The complete implementation of HBasechainDB is done using Java since the performance of HBase API for Java is best among the HBase API’s present for different languages. HBase API for Java also gives advantage of writing custom filters and coprocessors.

6 Performance

6.1 Experimental Setup

We have used three nodes for the initial performance testing of HBasechainDB with the following configurations:
  • 3 nodes with Intel Core i5-4670 CPU @ 3.40 GHz*4 processor and 16 GB of memory, with Ubuntu 16.04 OS.

  • Each of the 3 nodes runs HBase region-server. There is a HBase master running in one of the system.

  • There is a Replication factor of 3 for the underlying HDFS.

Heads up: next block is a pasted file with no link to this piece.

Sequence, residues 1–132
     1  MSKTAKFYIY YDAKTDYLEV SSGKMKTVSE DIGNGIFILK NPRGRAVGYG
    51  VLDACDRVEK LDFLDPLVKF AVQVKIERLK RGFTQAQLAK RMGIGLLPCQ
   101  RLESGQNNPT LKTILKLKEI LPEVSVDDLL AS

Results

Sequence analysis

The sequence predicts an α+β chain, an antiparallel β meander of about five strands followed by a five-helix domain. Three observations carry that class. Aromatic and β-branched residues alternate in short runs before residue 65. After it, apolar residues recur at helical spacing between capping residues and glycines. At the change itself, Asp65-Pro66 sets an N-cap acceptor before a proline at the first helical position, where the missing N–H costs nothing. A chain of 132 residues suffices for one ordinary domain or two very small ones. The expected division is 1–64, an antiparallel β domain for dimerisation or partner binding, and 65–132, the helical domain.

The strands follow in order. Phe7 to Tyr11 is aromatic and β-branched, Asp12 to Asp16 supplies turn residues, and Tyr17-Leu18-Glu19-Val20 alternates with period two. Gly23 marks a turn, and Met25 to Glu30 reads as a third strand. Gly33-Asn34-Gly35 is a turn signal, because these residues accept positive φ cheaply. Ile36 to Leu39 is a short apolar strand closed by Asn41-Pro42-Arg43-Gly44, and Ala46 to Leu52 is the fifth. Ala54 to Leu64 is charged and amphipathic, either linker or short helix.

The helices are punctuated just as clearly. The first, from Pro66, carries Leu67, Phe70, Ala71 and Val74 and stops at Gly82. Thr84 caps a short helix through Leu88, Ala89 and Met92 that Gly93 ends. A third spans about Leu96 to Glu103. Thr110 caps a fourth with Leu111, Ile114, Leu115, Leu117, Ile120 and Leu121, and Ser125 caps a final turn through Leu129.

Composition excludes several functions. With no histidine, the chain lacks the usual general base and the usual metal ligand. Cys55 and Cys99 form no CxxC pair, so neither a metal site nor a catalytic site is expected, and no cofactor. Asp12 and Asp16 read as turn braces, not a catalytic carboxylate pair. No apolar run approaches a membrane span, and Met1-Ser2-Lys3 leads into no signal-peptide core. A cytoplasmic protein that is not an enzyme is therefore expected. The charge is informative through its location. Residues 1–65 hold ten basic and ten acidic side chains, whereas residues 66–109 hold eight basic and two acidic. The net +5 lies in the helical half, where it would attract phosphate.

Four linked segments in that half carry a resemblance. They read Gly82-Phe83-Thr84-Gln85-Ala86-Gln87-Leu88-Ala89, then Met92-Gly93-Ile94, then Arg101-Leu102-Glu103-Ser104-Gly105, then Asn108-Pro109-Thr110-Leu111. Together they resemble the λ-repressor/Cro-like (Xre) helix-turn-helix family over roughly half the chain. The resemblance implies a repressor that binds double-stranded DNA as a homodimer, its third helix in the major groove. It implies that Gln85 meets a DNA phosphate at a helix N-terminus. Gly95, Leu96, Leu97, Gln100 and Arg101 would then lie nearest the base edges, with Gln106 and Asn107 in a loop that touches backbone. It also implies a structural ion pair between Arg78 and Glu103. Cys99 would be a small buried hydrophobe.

• The HBase is backed by 3 quorum zookeeper.

  • We consider only creation of transactions for our case.

6.2 Results

We have tested HBasechainDB for scalability over three nodes. There are two parameters that we describe the performance of HBasechainDB with:
  • Transaction Latency: This is defined as the time elapsed since the submission of a transaction to HBasechainDB until the block in which it has been recorded is validated. The transaction latency is found for streaming transactions.

  • Throughput: This is the number of transactions that are recorded in the blockchain per second. To find the peak throughput the blockchain is capable of, we store the transactions in the backlog beforehand and then run the nodes. The throughput observed then is the peak throughput.

Fig. 2.

Performance of BigchainDB and HBasechainDB

Fig. 3.

Latency of HBasechainDB in sec.

Fig. 4.

Scalability of HBasechainDB upto 8 nodes